The other day, I was asked a question by a golfer who was thinking about taking a few golf lessons.
“What should I expect to get out of them?”
They certainly weren’t the first person to ever ask me that and my simple answer was.
Improvement to your golf in some way.
To me, being able to assist an improvement to the golf game of the golfer in front of me in some way – is the only purpose of teaching golf, while the golfer is committing time, effort and money – with I assume, a similar expectation of improvement.
Otherwise, why would they bother to turn up?
But this is not what most golfers actually expect because, if they tell other golfers that they are going for a golf lesson – those other golfers will almost always offer the same advice – in their ‘wisest’ voice of course.
“Oh, you won’t be playing well for a while after that”.
By the way, the golfers who tell you that the loudest have either – probably have never had a golf lesson in their life or if they did, very little effort was put in by them afterwards to attain any improvement or they will tell you about the time ‘Uncle Joe’ had a lesson many years ago and he never played well again.
We don’t know what went on with ‘Uncle Joe’ all those years ago.
Possibly he went to someone who was taught in the old ‘this is the correct and only way to do things’ method of teaching golf…….but if you use that same logic – if Uncle Joe had got a bad haircut – then he probably never had a haircut again.
Whereas, the rest of us would just go find a better barber!
So, put aside any preconceived ideas and start with an open mind, as the vast majority of golf teachers or coaches you will meet simply exude “GOLF”.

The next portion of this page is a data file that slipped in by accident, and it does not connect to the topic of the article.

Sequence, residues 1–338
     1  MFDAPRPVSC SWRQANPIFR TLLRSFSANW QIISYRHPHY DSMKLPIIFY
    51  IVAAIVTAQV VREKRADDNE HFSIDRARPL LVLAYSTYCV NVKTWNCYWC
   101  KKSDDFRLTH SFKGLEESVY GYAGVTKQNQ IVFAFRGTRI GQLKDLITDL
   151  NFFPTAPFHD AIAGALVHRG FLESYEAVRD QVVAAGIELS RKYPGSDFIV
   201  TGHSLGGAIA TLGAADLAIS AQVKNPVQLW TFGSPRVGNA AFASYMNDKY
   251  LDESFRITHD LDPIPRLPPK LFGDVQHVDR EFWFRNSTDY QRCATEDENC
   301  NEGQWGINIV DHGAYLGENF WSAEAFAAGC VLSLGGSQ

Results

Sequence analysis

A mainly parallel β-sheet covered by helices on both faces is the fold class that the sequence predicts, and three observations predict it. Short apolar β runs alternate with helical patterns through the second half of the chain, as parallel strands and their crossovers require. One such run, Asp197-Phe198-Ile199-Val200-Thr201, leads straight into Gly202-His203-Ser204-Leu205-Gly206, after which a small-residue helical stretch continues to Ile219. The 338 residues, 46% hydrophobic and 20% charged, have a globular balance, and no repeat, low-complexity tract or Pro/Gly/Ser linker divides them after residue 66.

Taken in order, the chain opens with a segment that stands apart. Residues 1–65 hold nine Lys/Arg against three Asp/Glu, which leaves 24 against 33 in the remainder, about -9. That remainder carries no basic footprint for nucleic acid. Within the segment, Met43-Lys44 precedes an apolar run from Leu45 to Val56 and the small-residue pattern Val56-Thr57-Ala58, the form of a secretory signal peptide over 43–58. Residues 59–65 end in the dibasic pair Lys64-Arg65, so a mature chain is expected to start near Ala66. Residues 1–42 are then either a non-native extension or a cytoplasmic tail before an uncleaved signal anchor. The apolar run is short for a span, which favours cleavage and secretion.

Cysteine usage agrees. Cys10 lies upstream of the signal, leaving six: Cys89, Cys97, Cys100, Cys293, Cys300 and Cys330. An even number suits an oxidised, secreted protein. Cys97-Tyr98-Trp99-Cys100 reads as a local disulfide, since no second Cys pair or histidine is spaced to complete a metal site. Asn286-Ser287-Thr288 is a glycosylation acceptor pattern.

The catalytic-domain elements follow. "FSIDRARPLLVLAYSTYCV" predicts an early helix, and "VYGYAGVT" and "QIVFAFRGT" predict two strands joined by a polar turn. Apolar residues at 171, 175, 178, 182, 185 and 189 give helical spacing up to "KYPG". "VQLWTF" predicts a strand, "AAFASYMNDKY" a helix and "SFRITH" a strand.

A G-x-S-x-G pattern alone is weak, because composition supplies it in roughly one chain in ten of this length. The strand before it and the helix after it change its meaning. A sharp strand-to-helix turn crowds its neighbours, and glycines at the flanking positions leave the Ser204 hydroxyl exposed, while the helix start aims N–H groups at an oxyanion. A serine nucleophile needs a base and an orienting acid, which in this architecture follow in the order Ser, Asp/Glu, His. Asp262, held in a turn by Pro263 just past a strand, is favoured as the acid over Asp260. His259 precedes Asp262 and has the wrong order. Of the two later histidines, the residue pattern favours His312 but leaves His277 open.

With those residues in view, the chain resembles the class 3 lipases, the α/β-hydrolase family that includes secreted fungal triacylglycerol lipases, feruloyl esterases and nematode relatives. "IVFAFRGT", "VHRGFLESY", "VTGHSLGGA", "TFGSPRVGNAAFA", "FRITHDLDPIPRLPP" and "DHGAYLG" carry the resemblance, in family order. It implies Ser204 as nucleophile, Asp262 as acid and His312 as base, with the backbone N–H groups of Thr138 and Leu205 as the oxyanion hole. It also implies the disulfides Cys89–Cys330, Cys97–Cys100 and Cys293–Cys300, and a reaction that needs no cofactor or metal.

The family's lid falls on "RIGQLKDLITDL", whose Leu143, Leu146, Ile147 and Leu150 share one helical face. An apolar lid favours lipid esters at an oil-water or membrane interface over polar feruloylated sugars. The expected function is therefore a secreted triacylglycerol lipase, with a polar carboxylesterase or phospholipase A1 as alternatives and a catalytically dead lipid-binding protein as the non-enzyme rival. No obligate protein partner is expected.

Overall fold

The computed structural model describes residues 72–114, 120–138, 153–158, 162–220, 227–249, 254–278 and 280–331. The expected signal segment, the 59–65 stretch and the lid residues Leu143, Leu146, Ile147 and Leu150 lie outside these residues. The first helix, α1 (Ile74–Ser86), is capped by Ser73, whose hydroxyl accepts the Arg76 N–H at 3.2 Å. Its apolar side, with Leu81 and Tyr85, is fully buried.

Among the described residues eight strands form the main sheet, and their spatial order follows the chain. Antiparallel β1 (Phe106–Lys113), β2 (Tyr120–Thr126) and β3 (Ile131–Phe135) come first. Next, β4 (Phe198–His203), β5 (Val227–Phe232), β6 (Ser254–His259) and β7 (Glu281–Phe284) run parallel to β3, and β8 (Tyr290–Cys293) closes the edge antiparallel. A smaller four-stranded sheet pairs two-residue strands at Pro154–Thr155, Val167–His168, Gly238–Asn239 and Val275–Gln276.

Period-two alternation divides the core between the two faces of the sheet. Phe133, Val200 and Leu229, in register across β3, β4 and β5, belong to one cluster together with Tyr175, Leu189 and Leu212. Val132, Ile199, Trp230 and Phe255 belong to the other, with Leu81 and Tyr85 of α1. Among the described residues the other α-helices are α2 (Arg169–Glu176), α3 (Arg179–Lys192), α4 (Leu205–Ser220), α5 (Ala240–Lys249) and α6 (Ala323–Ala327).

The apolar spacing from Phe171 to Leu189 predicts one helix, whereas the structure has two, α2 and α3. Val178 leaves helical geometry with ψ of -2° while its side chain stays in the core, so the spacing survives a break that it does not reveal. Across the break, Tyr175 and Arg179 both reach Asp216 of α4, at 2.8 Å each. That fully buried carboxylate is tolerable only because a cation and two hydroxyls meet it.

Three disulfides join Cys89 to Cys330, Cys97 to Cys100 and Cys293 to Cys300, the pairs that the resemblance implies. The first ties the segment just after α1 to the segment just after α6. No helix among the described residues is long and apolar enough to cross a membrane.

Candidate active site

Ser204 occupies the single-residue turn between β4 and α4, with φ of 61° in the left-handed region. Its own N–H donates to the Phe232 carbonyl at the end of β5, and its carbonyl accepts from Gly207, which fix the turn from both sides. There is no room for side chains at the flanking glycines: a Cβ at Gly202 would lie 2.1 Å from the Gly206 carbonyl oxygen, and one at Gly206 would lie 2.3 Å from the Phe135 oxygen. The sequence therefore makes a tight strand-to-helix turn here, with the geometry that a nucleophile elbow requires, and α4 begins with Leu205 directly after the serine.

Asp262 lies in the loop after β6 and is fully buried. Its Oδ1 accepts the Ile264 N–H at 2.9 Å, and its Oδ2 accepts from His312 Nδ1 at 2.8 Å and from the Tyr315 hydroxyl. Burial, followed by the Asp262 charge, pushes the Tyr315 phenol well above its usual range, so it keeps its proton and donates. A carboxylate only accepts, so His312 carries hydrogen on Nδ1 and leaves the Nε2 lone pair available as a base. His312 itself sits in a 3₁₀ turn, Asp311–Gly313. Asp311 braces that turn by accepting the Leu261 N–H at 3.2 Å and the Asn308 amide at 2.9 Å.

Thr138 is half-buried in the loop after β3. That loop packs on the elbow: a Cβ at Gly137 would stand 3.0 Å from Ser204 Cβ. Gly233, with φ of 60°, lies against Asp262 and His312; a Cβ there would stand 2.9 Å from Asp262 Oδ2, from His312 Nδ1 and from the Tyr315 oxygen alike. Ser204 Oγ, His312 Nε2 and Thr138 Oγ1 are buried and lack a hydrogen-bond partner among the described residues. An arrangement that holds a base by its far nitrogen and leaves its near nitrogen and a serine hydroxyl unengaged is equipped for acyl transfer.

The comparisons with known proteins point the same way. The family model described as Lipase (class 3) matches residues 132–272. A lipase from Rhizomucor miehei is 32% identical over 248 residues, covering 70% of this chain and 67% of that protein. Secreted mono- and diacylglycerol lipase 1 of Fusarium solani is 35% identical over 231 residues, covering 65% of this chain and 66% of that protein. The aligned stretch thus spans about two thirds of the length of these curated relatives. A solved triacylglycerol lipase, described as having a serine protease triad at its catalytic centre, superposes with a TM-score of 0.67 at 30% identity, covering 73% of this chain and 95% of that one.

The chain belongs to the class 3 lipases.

A good one will have a passion and energy for the game that will have you walking away afterwards, inspired by the possibilities that have been opened up for your golf and wanting to go back for more!
A good one will challenge you to do the best that you can with what you have – there is no – ‘changing everything’ to the point where you can’t hit, there will simply be improvement gained by building on your current skills and past experiences.
To illustrate – here is my basic philosophy on improving a golfer.
In playing with and teaching golf to thousands of different people over the years I have noticed 2 main things:
Firstly, all golfers are physically and mentally different from each other – which means there is no one correct way to move the club or hit the ball – which means the challenge for the me is to find a way for the golfer to improve by working with what they already have.
Not showing them what ‘tour player x does’ or making them try to conform to whatever the latest “correct theory’ is.
This is the art of golf teaching.
In a very early piece of writing I did, I explained it like this;
“The key to golfers finding enjoyment in golf is not following a lot of theoretically correct positions and actions, it is about finding ways for them to use whatever their physical abilities are, to play consistent shots that lead to consistent rounds of golf at whatever level they strive for.”
Like most other crafts, teaching golf can really only be learnt with thousands of hours of practical experience – combined with exceptional communication skills from the teacher.
Secondly, and most importantly.
Most golfers – do not play to their true potential and in fact – too many give up soon after starting or become frustrated golfers over a period of years simply due to the information they are given (or more correctly the lack of good information) and the way they are ‘helped’ when they start.
It’s normally not a lack of ability that the golfer has.
It’s a lack of good information.
So, what can a golfer expect from a golf lesson?
To be inspired and given good information about golf.
Information that is easy to understand and that helps them use their current physical abilities to improve their golf immediately.
Yes, you read that right.
So, will a golfer play worse after a lesson?
No, of course not, otherwise why would you bother?
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